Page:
What to make of massive changes to Giants coaching staff


What to make of massive changes to Giants coaching staff

SAN FRANCISCO — In retrospect, we all probably should have seen the massive coaching changes coming. Not because the Giants lost 98 games this past season, but because they talked openly at the end of the year about adding multiple stats-inclined people to the front office.

The Giants are trying to catch up to a game now built on homers and strikeouts, and while it’s yet to be seen what they can do on the field, general manager Bobby Evans has taken a sledgehammer to the coaching staff. The first hire, Matt Herges as bullpen coach, is perhaps a sign of things to come. Herges comes from a Dodgers organization that is on the cutting edge and has a huge office at Dodger Stadium dedicated to analytics and new ways of attacking the game. In discussing the reassignments of Dave Righetti and Mark Gardner last week, Evans hinted that the next pitching coach would have more of an analytical background.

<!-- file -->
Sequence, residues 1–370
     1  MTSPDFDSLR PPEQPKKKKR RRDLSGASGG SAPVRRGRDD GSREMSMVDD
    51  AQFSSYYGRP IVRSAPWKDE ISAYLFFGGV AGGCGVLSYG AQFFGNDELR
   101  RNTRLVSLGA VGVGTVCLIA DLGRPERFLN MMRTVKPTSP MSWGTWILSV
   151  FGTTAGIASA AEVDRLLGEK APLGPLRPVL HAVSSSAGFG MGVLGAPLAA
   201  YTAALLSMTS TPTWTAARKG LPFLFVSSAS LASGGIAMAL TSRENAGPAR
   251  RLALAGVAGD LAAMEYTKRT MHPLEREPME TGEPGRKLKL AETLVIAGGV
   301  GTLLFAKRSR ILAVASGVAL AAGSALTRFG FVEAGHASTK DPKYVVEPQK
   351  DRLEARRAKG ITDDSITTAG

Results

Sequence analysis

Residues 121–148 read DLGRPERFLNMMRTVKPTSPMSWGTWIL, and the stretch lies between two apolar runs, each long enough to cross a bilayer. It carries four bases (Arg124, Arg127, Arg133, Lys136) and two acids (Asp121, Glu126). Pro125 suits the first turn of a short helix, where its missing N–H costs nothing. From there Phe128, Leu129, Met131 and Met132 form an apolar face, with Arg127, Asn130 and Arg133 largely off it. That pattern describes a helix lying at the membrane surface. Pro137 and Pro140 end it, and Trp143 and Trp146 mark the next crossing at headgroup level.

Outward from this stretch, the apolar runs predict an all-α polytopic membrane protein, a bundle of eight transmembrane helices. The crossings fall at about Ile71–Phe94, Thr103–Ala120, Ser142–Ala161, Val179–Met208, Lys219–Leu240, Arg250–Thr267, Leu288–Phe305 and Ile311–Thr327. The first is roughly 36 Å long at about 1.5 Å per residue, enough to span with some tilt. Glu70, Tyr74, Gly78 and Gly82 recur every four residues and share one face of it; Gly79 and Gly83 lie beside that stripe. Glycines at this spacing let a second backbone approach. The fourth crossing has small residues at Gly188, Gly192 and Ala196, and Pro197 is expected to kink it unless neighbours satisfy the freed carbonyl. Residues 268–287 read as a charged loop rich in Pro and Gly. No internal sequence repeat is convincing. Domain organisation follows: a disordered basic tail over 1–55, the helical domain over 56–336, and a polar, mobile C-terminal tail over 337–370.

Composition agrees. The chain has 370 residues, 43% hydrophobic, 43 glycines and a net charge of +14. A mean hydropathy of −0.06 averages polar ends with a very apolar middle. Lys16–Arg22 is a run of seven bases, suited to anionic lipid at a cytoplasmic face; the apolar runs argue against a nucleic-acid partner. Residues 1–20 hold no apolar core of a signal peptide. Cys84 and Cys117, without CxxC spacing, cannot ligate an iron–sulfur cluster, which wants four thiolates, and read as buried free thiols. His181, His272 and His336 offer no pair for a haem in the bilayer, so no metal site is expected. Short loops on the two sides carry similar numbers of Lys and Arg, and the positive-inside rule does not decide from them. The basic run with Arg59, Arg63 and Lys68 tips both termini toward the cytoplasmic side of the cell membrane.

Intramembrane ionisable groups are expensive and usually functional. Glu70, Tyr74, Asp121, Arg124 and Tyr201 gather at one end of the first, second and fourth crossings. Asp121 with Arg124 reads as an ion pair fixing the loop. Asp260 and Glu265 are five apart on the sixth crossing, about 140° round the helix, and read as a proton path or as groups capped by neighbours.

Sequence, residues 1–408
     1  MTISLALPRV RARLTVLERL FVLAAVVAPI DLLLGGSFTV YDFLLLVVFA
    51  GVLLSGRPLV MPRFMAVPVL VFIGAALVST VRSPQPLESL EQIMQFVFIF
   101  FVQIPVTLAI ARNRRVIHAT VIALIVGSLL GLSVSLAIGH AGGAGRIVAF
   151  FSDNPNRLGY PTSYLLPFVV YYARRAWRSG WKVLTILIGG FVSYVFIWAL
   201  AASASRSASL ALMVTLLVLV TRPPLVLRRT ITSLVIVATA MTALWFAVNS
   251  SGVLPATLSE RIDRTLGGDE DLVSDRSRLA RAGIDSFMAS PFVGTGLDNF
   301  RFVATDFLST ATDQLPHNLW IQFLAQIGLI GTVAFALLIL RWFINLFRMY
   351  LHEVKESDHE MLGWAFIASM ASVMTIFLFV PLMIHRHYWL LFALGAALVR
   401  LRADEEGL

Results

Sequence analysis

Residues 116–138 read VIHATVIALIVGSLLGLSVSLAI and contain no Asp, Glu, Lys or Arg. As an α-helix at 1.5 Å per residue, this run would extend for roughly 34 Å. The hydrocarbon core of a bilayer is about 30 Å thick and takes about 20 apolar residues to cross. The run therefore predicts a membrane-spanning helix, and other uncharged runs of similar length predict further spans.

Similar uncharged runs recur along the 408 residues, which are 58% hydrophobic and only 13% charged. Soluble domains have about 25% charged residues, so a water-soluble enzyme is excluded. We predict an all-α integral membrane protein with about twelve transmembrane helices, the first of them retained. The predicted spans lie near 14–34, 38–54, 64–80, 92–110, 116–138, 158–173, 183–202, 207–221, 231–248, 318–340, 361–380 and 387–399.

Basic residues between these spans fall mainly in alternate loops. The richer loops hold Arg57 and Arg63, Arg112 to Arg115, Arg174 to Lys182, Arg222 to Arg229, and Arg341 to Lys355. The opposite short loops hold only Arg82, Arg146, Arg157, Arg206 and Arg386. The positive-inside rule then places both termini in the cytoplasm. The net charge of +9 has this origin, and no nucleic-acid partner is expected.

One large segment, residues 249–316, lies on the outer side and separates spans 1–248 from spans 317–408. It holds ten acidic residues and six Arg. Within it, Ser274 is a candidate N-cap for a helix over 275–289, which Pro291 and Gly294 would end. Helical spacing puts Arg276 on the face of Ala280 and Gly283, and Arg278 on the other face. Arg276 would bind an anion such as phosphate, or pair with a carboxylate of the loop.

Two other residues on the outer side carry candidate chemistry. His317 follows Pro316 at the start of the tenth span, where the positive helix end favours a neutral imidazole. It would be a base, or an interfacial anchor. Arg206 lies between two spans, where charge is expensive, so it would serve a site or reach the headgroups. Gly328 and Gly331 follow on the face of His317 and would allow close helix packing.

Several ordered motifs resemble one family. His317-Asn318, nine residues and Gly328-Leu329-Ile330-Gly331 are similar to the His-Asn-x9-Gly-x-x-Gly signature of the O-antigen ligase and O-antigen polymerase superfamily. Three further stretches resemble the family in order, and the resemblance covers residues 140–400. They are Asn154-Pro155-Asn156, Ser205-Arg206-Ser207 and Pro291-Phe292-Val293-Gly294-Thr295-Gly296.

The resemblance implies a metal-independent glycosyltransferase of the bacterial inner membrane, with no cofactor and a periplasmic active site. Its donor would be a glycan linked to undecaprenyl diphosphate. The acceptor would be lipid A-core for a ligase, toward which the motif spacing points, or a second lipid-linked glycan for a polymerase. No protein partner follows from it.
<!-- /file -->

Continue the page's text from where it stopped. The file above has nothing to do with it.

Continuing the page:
On Friday, on a conference call with beat writers, manager Bruce Bochy said that when all is said and done, “you may see maybe a little bit more of (that analytical approach).”

“I know that’s certainly been part of the discussion,” Bochy said. “It’s not that this staff wasn’t open-minded — some guys were maybe more into it than others. I think as a staff we’re open-minded and I think the front office certainly feels like that. I think Bobby feels like that."

Bochy noted that conversations have been had in the organization for a couple of years about where the game is going. This wasn't something that started during a brutal 2017 season. The Giants are not nearly as old-school as outsiders might think, but they did have a coaching staff that had been together for a while, and the sense in the front office was that some new voices were needed. At the very least, these changes should allow for more engagement between the front office and the coaching staff, a trend elsewhere in the game.